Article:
In particular, the works of Michel Foucault (1967) on mental illness, asylums, and the archaeology of knowledge will be considered .In particular, the works of Michel Foucault (1967) on mental illness, asylums, and the archaeology of knowledge will be considered.I recognise, however, that the application of Foucault's ideas in the African context is problematic (Miller, 1993; Friedman,2003) Post- colonialism's concern with the 'subaltern' and the suppression of 'subaltern voices' will be reflected in attempts to 'hear the voices' of the institutionalized (Miller,1993) .I recognise, however, that the application of Foucault's ideas in the African context is problematic (Miller, 1993; Friedman,2003) Post- colonialism's concern with the 'subaltern' and the suppression of 'subaltern voices' will be reflected in attempts to 'hear the voices' of the institutionalized (Miller,1993)." An Unsuccessful Literature Review "Foucault's works looked at mental illness, asylums, and the archaeology of knowledge best website to write a custom social sciences research paper single spaced Standard 24 hours." An Unsuccessful Literature Review "Foucault's works looked at mental illness, asylums, and the archaeology of knowledge.Roy Porter’s and Edward Shorter's histories of psychiatry and psychology show that definitions of mental illness have differed across time and place best website to write a custom social sciences research paper single spaced Standard 24 hours.Roy Porter’s and Edward Shorter's histories of psychiatry and psychology show that definitions of mental illness have differed across time and place.Ernst and Swartz record that under colonialism, science and medicine contributed to racial, class, and sexual discrimination.
Feminist writers Chesler and Showalter who have written on psychiatry will be important for this study.Post-structuralist and post-modernist approaches to the construction and representation of identities will be used.Post-colonialism's concern with the 'subaltern' and the suppression of 'subaltern voices' will be significant." Research Questions Your research question s is a critical part of your research proposal - it defines the proposal, it guides your arguments and inquiry, and it provokes the interests of the reviewer.If your question does not work well, no matter how strong the rest of the proposal, the proposal is unlikely to be successful.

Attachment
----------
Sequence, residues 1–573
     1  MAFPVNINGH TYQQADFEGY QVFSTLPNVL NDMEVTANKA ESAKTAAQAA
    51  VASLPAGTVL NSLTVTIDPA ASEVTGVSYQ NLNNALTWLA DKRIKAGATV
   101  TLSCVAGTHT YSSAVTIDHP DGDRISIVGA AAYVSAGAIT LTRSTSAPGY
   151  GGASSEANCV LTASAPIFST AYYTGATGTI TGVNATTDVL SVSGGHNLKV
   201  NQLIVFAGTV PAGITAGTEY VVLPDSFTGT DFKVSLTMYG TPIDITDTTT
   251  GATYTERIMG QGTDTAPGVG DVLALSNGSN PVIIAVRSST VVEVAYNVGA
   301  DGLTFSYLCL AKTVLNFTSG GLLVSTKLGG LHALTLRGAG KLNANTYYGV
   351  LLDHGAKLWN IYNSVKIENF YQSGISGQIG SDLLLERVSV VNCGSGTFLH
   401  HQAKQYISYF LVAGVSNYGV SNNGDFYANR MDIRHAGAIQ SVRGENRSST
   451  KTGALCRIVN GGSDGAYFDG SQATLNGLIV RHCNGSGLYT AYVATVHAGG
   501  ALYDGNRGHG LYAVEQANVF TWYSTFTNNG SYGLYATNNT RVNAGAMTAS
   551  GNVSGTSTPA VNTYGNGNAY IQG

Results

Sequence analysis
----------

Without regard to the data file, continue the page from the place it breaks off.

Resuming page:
Because of this, it is common to spend more time on the researching, conceptualizing and forming of each individual word of the research question than on any other part of the proposal.To write a strong research question you will need time.Step away from your computer; consider what drew you to your topic.Questions that clearly demonstrate their relevance to society, a social group, or scholarly literature and debates are likely to be given more weight by reviewers: Research questions need to be clearly “doable.” One of the most common rationales for rejecting proposals is that the question is simply too expansive (or expensive) to be carried out by the applicant.
Remember that writing a research question is an iterative process and such concerns need to be carefully considered in your research design and budget.Research Methods The methods section is very important because it tells our Research Committee how you plan to tackle your research problem.It will provide your work plan and describe the activities necessary for the completion of your project.The guiding principle for writing the Method section is that it should contain sufficient information for the reader to determine whether the methodology is sound.Some even argue that a good proposal should contain sufficient details for another qualified researcher to implement the study.
You need to demonstrate your knowledge of alternative methods and make the case that your approach is the most appropriate and most valid way to address your research question.Please clearly identify the approach to be taken and justify the decision taken.Students should demonstrate an understanding of qualitative and quantitative research methods and clearly indicate how and where these are best employed.Common Mistakes Here are some of the common mistakes you should look out for when writing a research proposal: Failure to provide the proper context to frame the research question.Failure to delimit the boundary conditions for your research.
Failure to accurately present the theoretical and empirical contributions by other researchers.Failure to stay focused on the research question.Failure to develop a coherent and persuasive argument for the proposed research.Too much detail on minor issues, but not enough detail on major issues.